Health - Materials Science - 19.12.2019
Skin and Mucous Membrane Lesions as Complication of Pneumonia
Skin and Mucous Membrane Lesions as Complication of Pneumonia
Painful inflammatory lesions of the skin and mucous membranes may occur in children who develop bacterial pneumonia. A research group at the University Children's Hospital Zurich has recently developed a new diagnostic blood test, which reliably diagnoses bacteria as the causative pathogen at an early stage, allowing more specific treatment and prediction about prognosis.

Health - 19.12.2019
Number of youth who start vaping at 14 or before has tripled
Number of youth who start vaping at 14 or before has tripled
The number of e-cigarette users who began vaping at age 14 or younger has more than tripled in the last five years, say University of Michigan researchers. Last year, 28% of e-cigarette users said they started no later than age 14, compared to about 9% in 2014. The findings are scheduled to appear online Dec.

Health - 18.12.2019
Opinion: Prostate cancer screening ’in sight’
Professor Mark Emberton, Dean of the Faculty of Medical Sciences, writes about the new UCL-led trial, which is testing to see if MRI scans could be effective at screening men for prostate cancer, in a similar way to how mammograms are used to check women for breast cancer. Prostate cancer is the most common form of cancer in men with around 130 new cases diagnosed in the UK every day and more than 10,000 men a year dying as a result of the disease.

Health - Pharmacology - 18.12.2019
Using AI to understand the spread of cancer
Using AI to understand the spread of cancer
New deep learning algorithm DeepMACT detects the smallest metastases Researchers at the Technical University of Munich (TUM), the Helmholtz Zentrum München and the LMU Munich have developed a new algorithm that automatically detects metastases. The new technology uses artificial intelligence (AI) and even finds single disseminated cancer cells in the body of mice.

Health - 18.12.2019
Girls with anxiety could be at greater risk of eating disorders
Teenage girls who experience clinical levels of anxiety could be at greater risk of eating disorders, according to researchers at UCL and University of Bristol. The study, published today in European Eating Disorders Review , looked at anxiety disorder pathology and engagement with severe levels of fasting (not eating for an entire day) in 2,406 teenage girls of Bristol's Children of the 90s study.

Health - Pharmacology - 18.12.2019
Could AI help develop personalised psychosis therapies?
A new multicentre study will investigate the link between brain inflammation and psychosis, and use artificial intelligence techniques to identify patients that might benefit most from novel treatments. The study, funded by UKRI Medical Research Council , is led by the Universities of Birmingham and Cambridge.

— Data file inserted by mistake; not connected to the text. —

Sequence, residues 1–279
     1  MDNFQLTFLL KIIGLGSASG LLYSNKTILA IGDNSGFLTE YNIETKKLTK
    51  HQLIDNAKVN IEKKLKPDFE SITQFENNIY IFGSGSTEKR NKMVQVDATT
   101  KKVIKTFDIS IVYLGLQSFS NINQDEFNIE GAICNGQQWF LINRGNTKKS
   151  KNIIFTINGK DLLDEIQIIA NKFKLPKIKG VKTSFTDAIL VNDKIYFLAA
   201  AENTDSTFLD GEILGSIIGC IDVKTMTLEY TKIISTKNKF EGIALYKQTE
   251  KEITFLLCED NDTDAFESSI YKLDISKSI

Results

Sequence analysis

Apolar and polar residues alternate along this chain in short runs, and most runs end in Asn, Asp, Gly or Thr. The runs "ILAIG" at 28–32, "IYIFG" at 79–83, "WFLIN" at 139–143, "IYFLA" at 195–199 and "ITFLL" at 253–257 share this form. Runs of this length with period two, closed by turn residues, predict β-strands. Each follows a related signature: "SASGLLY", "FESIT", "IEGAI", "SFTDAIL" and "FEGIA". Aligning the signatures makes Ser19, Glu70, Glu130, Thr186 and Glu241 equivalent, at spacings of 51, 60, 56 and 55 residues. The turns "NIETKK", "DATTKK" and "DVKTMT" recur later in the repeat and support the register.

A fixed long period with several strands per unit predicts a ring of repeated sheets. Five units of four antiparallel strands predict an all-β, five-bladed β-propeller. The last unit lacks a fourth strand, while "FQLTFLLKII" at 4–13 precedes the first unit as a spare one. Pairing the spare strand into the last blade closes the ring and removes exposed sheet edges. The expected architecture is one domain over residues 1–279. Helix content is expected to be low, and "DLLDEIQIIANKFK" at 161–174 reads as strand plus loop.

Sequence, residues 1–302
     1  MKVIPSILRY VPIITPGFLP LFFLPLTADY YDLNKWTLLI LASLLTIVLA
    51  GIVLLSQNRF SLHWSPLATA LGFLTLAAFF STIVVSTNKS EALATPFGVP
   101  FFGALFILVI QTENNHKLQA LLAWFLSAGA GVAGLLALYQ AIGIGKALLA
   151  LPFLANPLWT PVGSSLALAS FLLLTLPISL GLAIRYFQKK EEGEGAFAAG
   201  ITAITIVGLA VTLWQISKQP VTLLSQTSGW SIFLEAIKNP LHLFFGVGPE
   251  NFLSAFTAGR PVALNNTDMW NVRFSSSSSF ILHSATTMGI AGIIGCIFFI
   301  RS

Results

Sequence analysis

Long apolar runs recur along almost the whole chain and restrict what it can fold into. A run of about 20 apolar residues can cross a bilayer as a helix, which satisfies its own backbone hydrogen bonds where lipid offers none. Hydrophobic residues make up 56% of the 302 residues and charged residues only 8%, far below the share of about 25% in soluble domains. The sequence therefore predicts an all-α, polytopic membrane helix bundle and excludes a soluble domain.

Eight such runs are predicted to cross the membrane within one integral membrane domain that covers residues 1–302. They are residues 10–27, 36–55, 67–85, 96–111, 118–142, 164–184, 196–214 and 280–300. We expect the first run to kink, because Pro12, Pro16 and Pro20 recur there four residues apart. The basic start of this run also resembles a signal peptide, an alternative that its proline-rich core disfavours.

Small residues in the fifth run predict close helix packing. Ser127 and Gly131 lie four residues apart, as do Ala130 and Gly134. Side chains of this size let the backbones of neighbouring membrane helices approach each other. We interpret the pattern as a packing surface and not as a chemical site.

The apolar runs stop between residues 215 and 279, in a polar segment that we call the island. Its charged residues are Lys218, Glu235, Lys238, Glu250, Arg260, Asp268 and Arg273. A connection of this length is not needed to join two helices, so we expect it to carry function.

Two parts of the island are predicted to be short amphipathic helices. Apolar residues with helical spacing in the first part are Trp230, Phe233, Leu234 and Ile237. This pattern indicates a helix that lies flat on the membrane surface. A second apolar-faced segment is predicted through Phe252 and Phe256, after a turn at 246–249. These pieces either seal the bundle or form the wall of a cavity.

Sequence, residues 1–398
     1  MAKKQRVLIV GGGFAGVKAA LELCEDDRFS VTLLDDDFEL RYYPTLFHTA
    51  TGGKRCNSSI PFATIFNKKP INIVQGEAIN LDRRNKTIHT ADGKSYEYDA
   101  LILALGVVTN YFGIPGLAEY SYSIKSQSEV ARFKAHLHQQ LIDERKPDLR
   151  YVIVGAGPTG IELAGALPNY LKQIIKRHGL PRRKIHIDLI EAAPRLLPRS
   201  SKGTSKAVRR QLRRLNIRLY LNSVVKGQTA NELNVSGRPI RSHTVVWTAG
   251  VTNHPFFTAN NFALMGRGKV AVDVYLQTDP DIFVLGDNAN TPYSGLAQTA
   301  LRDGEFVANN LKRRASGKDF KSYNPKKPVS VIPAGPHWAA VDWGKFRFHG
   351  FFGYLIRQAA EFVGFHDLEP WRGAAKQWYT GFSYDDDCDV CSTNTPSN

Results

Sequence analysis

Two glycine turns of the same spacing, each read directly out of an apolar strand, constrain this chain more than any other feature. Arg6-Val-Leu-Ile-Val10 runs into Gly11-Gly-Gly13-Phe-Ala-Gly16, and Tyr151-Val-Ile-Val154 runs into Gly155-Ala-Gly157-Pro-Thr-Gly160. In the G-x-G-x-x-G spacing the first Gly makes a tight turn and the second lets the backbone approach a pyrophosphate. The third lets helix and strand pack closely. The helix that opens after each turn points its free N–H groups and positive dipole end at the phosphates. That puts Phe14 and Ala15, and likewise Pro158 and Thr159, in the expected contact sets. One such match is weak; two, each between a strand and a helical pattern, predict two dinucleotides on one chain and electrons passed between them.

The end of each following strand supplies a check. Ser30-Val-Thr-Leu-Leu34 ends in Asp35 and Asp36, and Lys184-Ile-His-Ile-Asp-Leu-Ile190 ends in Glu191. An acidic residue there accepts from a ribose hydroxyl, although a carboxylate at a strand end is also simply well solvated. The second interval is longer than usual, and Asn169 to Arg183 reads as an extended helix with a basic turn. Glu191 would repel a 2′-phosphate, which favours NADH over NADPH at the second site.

Health - 18.12.2019
Focus on teenage anxiety may help early identification of those at risk of eating disorders
Focus on teenage anxiety may help early identification of those at risk of eating disorders
Teenage girls who experience clinical levels of anxiety could be at greater risk of eating disorders, according to associations identified in a study completed by researchers at the University of Bristol with UCL. Published today [18 December] in European Eating Disorders Review , the new research looked at anxiety disorder pathology and engagement with severe levels of fasting (not eating for an entire day) in 2,406 teenage girls of Bristol's Children of the 90s study.

Health - Pharmacology - 18.12.2019
Parkinson's disease finding tops Stanford Report 2019 stories
Parkinson’s disease finding tops Stanford Report 2019 stories
Judging by the news stories they select to read, the nearly 40,000 readers of Stanford Report are interested in medical advances and all things Stanford. A story about a potential diagnostic tool and treatment for Parkinson's disease was first among the 10 most popular news stories for 2019. Here are the stories that garnered the most interest among Stanford Report readers: Scientists find potential diagnostic tool, treatment for Parkinson's disease , Sept.

Health - Pharmacology - 18.12.2019
Storing medical information below the skin's surface
Storing medical information below the skin’s surface
Specialized dye, delivered along with a vaccine, could enable "on-patient" storage of vaccination history. Every year, a lack of vaccination leads to about 1.5 million preventable deaths, primarily in developing nations. One factor that makes vaccination campaigns in those nations more difficult is that there is little infrastructure for storing medical records, so there's often no easy way to determine who needs a particular vaccine.